Your Town Historian, Rick Reynolds, has a multitude of tasks designed to help the Town remember and celebrate its past.
One of the primary responsibilities of the Town Historian is to interpret the past of the local area. Using town records, photographs, drawings, and the townspeople themselves, the Historian presents programs of interest and works with teachers in local schools to enhance the teaching of local history.
In addition, the Historian is involved in research and writing, both in an attempt to preserve the memories and ideas of the past. Sometimes this may involve leading amateur genealogists towards resources that may help them locate their ancestors. Other times, it is so that the community will have well documented records to which to refer in future years.
The Historian is also becoming increasingly more involved in historic preservation in the community. This can involve cataloging and appropriately preserving collections of original town records or can be as large as preserving houses and other buildings that have played a major role in the community.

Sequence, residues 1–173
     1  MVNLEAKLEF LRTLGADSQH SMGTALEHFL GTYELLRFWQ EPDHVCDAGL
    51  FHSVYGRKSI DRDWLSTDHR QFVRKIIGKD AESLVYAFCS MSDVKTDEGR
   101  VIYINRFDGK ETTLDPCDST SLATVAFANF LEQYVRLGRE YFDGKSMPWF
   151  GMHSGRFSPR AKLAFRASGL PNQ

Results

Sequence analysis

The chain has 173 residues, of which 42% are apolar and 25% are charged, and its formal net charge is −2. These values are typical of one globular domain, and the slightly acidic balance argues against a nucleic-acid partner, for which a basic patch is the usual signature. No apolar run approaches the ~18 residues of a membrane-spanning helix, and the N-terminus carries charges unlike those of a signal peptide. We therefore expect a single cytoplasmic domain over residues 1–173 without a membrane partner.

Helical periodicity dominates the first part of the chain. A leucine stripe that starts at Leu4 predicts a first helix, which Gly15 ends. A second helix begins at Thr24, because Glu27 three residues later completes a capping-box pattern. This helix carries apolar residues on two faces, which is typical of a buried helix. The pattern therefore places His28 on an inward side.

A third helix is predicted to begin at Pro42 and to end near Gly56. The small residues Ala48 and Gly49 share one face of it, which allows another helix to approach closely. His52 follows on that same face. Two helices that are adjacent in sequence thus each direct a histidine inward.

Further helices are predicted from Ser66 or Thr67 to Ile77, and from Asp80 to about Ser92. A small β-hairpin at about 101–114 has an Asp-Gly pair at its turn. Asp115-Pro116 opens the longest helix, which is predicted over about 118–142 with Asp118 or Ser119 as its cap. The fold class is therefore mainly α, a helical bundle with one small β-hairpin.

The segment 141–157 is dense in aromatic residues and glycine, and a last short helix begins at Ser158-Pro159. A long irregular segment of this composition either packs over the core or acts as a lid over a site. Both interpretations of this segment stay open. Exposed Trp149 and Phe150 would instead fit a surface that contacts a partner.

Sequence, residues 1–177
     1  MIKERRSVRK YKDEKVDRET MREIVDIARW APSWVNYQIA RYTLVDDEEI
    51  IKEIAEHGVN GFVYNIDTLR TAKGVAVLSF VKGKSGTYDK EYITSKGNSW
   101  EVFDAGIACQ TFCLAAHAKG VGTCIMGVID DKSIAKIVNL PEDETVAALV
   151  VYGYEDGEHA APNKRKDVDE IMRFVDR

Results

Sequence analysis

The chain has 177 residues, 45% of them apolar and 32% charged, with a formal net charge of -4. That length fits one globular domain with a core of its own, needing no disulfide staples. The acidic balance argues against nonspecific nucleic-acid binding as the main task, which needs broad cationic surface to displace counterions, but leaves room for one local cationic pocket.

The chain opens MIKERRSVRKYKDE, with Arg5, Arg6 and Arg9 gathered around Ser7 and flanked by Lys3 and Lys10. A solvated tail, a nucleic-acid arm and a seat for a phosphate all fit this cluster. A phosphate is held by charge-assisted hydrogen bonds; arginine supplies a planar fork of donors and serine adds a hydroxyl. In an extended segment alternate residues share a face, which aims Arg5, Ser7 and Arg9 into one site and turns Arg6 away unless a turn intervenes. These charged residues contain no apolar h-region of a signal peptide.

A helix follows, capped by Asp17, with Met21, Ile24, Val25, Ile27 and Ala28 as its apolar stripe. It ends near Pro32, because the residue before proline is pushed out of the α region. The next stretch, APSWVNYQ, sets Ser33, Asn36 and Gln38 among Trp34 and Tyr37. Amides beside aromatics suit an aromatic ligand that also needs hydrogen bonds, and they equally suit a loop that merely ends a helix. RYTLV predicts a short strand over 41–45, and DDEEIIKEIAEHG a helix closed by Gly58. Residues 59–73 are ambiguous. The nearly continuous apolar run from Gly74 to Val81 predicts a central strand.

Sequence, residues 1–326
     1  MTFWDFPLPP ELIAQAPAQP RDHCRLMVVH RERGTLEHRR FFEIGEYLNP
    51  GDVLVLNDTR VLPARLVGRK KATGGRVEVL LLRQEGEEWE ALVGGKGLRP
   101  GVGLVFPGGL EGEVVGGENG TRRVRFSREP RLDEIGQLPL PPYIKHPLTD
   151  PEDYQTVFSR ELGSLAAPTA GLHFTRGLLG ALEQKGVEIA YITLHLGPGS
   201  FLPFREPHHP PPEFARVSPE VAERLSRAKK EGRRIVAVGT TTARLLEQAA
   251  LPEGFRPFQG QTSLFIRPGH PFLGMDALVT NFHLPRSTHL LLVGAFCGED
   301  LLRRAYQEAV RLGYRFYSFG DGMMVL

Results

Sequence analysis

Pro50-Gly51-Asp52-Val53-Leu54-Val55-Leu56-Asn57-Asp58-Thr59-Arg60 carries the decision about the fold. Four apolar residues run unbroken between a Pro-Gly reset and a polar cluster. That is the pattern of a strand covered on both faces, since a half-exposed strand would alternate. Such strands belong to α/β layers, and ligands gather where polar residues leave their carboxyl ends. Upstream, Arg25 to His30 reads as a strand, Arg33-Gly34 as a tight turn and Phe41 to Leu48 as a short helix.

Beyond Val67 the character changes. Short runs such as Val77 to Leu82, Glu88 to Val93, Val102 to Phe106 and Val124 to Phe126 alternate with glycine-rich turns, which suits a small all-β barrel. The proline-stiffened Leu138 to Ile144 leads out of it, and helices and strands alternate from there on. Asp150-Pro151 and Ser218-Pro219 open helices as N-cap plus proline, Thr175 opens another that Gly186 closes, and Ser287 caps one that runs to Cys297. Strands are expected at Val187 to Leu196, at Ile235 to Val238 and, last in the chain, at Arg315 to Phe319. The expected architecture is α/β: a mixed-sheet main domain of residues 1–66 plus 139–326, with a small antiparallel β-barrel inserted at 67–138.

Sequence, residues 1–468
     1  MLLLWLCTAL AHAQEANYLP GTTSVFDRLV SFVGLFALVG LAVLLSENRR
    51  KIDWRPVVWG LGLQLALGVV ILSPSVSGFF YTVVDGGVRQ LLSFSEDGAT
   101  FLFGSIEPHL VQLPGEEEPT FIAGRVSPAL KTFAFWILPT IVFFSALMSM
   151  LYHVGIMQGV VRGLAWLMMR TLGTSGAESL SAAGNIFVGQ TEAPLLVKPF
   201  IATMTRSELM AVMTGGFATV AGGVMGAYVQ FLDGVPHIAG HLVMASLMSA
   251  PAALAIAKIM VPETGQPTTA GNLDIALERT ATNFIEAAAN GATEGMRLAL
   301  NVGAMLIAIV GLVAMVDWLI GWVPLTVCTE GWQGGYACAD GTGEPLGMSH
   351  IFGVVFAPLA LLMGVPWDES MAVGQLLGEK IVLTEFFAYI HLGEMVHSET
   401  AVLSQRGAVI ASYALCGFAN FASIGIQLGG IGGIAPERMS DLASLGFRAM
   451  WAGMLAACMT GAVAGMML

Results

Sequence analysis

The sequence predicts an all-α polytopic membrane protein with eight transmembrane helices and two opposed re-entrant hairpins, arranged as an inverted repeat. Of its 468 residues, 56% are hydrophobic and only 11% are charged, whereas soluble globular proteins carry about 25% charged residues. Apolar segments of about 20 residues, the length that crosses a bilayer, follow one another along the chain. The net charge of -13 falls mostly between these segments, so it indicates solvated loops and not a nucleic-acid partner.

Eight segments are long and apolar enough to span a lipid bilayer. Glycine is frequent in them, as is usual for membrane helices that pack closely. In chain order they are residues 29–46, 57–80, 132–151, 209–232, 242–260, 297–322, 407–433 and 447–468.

Advocacy and organization are the last basic roles of the Town Historian. He or she plans celebrations and remembrances to commemorate local events of importance. The Historian may also be involved in lobbying activities at the state and federal level.
All of this is designed to do what is most important to all of us: help the people of the town remember and celebrate its past and, at the same time, prepare the present to be someday remembered as the past as well.
For further information, stories of our Town, or to schedule a presentation, please contact Rick Reynolds.
Town of Ballston Historian Rick Reynolds now has a channel on YouTube, called "Ballston The Historian's Perspective". Subscribe to the Historian's YouTube channel while you are there, too! More videos to come in the future. Enjoy!